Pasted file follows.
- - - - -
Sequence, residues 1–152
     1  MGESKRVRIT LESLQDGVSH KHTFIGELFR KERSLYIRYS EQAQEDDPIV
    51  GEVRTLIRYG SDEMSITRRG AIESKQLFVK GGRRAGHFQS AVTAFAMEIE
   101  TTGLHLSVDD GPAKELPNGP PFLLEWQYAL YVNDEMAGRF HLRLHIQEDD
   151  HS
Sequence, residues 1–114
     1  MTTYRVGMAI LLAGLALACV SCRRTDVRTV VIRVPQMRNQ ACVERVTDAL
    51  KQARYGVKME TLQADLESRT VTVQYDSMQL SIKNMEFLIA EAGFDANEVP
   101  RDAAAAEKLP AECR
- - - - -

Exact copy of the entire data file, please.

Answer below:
Sequence, residues 1–152
     1  MGESKRVRIT LESLQDGVSH KHTFIGELFR KERSLYIRYS EQAQEDDPIV
    51  GEVRTLIRYG SDEMSITRRG AIESKQLFVK GGRRAGHFQS AVTAFAMEIE
   101  TTGLHLSVDD GPAKELPNGP PFLLEWQYAL YVNDEMAGRF HLRLHIQEDD
   151  HS
Sequence, residues 1–114
     1  MTTYRVGMAI LLAGLALACV SCRRTDVRTV VIRVPQMRNQ ACVERVTDAL
    51  KQARYGVKME TLQADLESRT VTVQYDSMQL SIKNMEFLIA EAGFDANEVP
   101  RDAAAAEKLP AECR